04 September 2013

Working with your Veterans Service Organization Representative

Many vets have the misunderstanding that the various veterans service organizations (VSO) which represent veterans before the VA are responsible to the "grand design" of a claim for service connection.

While some VSOs may indeed offer that assistance, not all do, as in the case of Oregon's Department of Veterans Affairs. Oregon staffs their counties with state-affiliated, VA-authorized service officers as well as teams in Portland and the state capital, Salem. These officers offer a broad range of advice and interface with community-based services, but in Oregon veterans are responsible for submitting their own claims and creating, from their own resources, a basic strategy.

Oregon's role, as explained to me late last month by their Portland staff, is to focus on strategizing the vet's appeal only once the claim is denied. The service officers are notified by the VA shortly after the award or denial decision is made, and they then swing into action to help a veteran determine the next steps.

For many, the best approach will be a "notice of disagreement" (NOD) or alternately, a request for a local review by a senior VA rating officer not previously involved in the claim, a decision review officer (DRO.) That is the first important level of strategy where the service officer is able to help, because specifics of the claim can make one approach better than another.

After that, that, a vet's principal concern will be the amount of time required simply waiting in line, because appeals or DRO reviews can take years to be heard. When the big day finally rolls around, the service officer will present the VA with the facts of the case, the errors made by the VA, and the justification for an award in the vet's favor.

This entire process, and the inherent threat of years of delay working a denied claim, places a significant value in the veteran's initial claim being as complete, accurate, comprehensive, persuasive and error-free as possible. The veteran must hope for a positive response from the VA rather than a denied claim, wasting years and continuing to be denied VA medical care and other benefits. This means a vet needs to select a VSO carefully, especially if you feel unqualified to manage your own claim prior to the VA denial.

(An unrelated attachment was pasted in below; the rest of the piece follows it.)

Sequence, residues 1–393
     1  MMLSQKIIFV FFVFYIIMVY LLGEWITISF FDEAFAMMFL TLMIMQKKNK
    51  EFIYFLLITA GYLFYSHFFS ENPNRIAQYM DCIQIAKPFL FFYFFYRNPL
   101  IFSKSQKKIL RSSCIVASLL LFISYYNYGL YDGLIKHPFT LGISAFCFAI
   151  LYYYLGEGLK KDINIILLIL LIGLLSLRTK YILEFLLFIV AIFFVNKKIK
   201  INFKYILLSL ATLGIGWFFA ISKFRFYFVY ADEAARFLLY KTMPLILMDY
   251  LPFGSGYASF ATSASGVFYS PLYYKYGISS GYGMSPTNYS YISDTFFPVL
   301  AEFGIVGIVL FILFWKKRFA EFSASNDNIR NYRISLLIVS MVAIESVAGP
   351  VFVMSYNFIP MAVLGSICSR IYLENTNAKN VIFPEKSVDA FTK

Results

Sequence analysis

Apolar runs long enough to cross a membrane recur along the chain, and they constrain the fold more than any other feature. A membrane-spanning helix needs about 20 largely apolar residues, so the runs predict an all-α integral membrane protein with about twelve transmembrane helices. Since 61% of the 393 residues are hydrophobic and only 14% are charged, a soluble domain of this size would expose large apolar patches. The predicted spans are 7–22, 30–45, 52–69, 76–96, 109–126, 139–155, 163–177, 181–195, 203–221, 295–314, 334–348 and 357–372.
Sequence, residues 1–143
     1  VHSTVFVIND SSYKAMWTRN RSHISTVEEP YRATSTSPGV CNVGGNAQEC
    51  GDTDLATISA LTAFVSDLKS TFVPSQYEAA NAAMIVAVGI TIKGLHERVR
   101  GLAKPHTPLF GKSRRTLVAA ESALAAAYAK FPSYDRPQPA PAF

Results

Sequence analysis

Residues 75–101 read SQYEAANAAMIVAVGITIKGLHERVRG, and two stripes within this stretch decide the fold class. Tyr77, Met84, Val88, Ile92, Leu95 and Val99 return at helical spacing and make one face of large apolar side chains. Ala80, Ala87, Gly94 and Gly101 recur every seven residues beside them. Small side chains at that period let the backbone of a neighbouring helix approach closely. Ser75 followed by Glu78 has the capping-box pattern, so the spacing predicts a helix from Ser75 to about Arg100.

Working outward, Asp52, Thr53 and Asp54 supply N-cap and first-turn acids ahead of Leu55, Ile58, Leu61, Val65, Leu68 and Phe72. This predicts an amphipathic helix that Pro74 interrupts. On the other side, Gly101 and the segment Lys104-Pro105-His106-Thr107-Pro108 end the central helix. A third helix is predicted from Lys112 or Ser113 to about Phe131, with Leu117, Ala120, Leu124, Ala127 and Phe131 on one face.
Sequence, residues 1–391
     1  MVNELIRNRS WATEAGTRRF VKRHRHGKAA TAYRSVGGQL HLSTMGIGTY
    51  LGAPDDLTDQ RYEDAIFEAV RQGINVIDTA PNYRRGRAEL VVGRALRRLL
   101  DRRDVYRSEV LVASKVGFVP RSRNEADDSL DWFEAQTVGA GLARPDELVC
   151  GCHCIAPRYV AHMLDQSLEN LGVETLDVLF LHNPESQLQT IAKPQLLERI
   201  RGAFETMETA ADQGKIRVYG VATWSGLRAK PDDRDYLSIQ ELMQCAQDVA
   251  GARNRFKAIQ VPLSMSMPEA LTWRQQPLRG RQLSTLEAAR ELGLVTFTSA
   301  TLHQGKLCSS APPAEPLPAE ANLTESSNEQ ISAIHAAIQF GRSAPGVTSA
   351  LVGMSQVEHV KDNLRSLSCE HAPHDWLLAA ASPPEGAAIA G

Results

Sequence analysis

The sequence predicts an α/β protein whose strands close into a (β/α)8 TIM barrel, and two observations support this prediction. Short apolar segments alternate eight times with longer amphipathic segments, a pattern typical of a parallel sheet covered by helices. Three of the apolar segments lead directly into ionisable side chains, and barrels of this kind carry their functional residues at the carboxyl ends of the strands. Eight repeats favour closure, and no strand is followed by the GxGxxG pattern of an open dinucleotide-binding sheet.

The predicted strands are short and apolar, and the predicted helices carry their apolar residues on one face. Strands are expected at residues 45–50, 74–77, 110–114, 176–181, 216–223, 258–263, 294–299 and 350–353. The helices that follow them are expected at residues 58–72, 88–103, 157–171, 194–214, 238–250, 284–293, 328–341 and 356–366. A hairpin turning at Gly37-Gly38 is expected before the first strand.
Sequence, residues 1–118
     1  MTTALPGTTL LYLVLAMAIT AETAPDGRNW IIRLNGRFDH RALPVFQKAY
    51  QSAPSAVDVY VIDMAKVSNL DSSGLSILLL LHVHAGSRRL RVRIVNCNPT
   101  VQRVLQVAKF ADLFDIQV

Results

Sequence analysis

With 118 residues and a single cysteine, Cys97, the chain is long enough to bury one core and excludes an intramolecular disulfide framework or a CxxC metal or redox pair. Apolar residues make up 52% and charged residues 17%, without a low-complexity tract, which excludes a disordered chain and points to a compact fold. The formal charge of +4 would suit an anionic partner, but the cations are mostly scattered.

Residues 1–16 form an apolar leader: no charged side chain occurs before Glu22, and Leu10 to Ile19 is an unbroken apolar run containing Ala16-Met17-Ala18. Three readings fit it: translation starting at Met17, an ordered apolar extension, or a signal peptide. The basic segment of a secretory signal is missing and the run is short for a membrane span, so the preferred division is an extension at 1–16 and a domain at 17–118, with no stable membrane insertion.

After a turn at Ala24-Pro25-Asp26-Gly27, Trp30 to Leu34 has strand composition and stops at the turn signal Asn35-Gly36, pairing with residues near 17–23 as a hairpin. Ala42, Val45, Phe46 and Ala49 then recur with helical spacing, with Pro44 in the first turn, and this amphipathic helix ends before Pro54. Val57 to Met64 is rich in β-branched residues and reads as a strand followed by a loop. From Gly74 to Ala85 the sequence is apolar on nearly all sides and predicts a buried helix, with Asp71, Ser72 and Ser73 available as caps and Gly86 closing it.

How to best approach this yourself with some hope of success if your VSO isn't set up to mange the initial claim for you? The very first step is to notify the VA in some form of your intent to file. All benefits are based on the date you first inform them of your wish to make a claim...and you can do this with a simple letter listing every possible boo-boo you have, or you can begin the process on-line at their web site.

Then, Attorney Katrina Eagle offers her "Dirty Dozen," thirteen tips of things NOT do do, and that's a great place to start– begin the process by not stepping on any minefields. Next, gather all your papers and have them scanned into digital form, because eventually you'll want to submit a "Fully Developed Claim" which is done on-line. Why? Because the VA processes those fastest, and because in many instances the VA even can back-date benefits a full year to motivate us to us that electronic process.

Next, file a a Freedom of Information Act request with the VA and with your military service to insure you've got all official documents on-hand. This may take months to get completed, so file early in your claims process. Then scan all those documents also, especially your DD214, any Line of Duty determinations, and medical records.

The VA will arrange a physical for you to address your claimed illnesses or injuries, but a faster route is the Disability Benefits Questionnaire (DBQ) which your own physicians' can complete and submit. Your doctors can expand further in a letter, but you and they should be aware of phrases the VA is attuned to. For instance, "may" to the VA means "no" and "more likely to than not" means yes. A physician simply saying your broken back may be due to your airplane crash is dismissed by the VA. A physician saying your broken back "is more likely than not" due to your airplane crash is accepted by the VA (usually) as credible support for your claim. We've noticed that physicians' stating their qualifications, or medical references in their veterans letters are generally more useful to the vets.

Beyond this, one of the veterans' claims self-help books is probably of greater value to a veteran preparing a claim than anything which can be typed here. There are many Internet resources and many, many veterans' web sites offering excellent advice. The point is: Tell the truth, assert your interests firmly, if something hurts (range of motion, etc.) say so instead of toughing it out, and don't quit.

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